China’s Disruptive Transition Continues

Comments Off on China’s Disruptive Transition Continues
China’s Disruptive Transition Continues

China is the world’s second-largest economy. It’s a huge customer for Japan, Taiwan, OPEC, Australia, and South Korea, as well as a huge supplier to U.S. firms and an enormous target market for U.S.-based multinationals.

Over the past eighteen months, we’ve seen Chinese stocks soar and then crash. For those of us accustomed to OECD-based equity markets, it’s natural to assume that a country’s stock market reflects the condition of its economy, but that is not always the case.

What a stock market really should reflect is the consensus estimate of an economy’s future condition. More specifically, stock prices normally reveal future expectations for corporate profits.

However, the Chinese stock market includes many state-owned enterprises (SOEs) whose executives answer to bureaucrats in Beijing. The government views these companies as public policy tools. Everyone is happy if the SOEs make a profit, but profit is not the top priority.1

For this reason, Chinese stock prices tell us relatively little about the overall health of the economy, or even the specific enterprise.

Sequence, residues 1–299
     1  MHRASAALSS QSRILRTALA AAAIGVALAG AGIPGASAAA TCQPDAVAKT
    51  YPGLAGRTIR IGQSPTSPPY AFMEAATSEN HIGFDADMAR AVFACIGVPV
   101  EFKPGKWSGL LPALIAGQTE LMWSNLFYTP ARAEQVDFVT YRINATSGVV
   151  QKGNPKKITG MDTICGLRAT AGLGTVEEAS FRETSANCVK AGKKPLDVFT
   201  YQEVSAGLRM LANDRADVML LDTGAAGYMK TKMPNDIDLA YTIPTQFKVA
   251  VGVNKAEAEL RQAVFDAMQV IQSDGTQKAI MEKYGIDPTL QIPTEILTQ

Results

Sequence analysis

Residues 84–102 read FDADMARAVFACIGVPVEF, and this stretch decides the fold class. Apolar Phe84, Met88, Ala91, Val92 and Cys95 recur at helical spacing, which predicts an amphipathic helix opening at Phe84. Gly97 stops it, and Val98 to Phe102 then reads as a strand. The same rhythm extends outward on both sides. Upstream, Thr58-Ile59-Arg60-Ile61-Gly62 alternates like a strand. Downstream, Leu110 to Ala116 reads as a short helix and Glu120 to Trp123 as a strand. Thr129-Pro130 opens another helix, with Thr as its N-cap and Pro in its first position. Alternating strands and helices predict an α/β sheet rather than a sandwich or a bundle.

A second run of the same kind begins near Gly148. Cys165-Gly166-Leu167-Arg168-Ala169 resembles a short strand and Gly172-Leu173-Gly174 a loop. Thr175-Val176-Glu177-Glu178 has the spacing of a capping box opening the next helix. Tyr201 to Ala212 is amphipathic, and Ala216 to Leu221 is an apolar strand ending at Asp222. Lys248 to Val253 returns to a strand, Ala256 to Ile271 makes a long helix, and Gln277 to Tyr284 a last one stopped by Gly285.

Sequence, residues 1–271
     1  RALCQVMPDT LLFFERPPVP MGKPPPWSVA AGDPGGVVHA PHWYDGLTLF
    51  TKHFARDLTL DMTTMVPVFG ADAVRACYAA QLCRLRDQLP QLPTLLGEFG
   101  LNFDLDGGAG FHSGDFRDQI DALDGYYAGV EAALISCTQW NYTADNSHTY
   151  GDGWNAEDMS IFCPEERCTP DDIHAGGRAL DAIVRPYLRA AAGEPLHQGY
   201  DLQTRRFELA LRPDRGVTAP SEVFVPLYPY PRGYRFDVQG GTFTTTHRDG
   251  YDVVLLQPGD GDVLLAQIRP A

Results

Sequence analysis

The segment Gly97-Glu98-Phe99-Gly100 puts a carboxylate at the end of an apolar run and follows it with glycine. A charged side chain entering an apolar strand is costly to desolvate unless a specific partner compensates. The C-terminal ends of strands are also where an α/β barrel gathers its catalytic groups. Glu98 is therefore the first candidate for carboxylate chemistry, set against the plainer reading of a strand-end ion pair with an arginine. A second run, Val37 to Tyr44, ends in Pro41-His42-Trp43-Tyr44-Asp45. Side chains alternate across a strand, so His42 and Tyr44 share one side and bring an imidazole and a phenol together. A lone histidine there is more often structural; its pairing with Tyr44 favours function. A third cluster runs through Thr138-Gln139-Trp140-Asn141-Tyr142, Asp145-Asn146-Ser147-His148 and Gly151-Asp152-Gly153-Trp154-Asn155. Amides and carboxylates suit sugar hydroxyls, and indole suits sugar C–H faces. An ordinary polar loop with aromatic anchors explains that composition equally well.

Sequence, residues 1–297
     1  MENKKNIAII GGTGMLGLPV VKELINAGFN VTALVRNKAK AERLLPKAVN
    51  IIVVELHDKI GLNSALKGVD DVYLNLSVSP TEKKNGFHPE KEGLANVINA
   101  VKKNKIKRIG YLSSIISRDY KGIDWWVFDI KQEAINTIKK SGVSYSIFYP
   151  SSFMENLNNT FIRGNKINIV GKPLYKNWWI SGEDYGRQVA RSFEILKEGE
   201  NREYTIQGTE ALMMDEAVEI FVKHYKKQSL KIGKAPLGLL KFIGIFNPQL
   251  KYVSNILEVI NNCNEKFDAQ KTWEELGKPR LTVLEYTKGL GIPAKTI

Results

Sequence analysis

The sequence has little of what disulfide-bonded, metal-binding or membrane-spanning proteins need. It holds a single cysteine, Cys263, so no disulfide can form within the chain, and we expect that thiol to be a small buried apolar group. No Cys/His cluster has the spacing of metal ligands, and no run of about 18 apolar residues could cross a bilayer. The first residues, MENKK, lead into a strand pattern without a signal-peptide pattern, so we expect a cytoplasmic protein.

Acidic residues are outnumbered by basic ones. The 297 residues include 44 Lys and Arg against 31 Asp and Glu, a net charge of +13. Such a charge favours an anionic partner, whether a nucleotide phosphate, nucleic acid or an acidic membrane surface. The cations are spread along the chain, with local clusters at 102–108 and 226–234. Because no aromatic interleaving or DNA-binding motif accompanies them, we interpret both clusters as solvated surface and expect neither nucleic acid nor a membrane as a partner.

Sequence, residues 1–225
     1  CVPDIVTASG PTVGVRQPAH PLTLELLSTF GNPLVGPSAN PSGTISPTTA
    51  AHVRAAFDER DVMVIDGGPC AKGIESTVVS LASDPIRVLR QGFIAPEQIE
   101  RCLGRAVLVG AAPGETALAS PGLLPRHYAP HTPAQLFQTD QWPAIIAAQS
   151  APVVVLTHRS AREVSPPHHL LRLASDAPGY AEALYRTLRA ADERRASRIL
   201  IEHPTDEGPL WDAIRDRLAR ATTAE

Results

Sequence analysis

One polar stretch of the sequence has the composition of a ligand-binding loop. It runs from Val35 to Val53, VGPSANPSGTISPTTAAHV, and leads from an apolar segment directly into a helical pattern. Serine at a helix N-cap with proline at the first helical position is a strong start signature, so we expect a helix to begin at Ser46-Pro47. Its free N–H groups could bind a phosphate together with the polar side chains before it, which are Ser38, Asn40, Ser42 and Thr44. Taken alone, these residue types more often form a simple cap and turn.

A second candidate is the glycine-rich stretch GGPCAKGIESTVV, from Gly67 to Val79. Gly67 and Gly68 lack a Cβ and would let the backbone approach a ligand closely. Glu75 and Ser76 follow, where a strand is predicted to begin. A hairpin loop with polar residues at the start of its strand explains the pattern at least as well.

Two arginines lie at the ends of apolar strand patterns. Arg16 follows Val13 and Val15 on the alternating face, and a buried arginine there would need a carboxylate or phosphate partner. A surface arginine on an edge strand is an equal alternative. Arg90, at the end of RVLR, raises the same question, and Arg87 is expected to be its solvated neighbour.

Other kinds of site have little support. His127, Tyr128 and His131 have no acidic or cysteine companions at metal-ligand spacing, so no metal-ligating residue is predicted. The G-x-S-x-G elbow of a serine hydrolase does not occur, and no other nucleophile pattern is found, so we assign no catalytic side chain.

The incredible 160 percent one-year run-up in Chinese stock prices that ended in June did not signal an economic boom. Nor does the ongoing decline signal an economic bust. The correlations aren’t just weak; they are non-existent.

If one relies on stock indexes, or even official government reports about China’s economy, it is no stretch to say, “they are flying blind.” Fortunately, we have diligent researchers at firms like China Beige Book, who do the hard work of gathering reliable data each quarter from thousands of companies in China and assembling it in a comprehensible form.

This data shows that China’s economy has actually been in good shape since the second quarter of 2014, when Chinese business leaders “stopped acting Chinese.”2

What does that mean? Faced with falling demand, they did the rational thing and stopped adding new capacity. Despite the availability of credit, they just sat on the sidelines. This was a good business decision. But it wasn’t consistent with Beijing’s expectations.

So what does the data tell us about the real Chinese economy and its implications for the rest of the world? To answer that question, we have to separate the Chinese economy into at least three components.3

First, Chinese real estate prices are heading toward stabilization. As we’ve reported on several occasions, China has indulged in a massive infrastructure boom, especially since the financial crisis, and this has resulted in “ghost cities” as well as highways and railroads to nowhere...

To continue reading, become a paid subscriber for full access.
Already a Trends Magazine subscriber? Login for full access now.

Subscribe for as low as $195/year

  • Get 12 months of Trends that will impact your business and your life
  • Gain access to the entire Trends Research Library
  • Optional Trends monthly CDs in addition to your On-Line access
  • Receive our exclusive "Trends Investor Forecast 2015" as a free online gift
  • If you do not like what you see, you can cancel anytime and receive a 100% full refund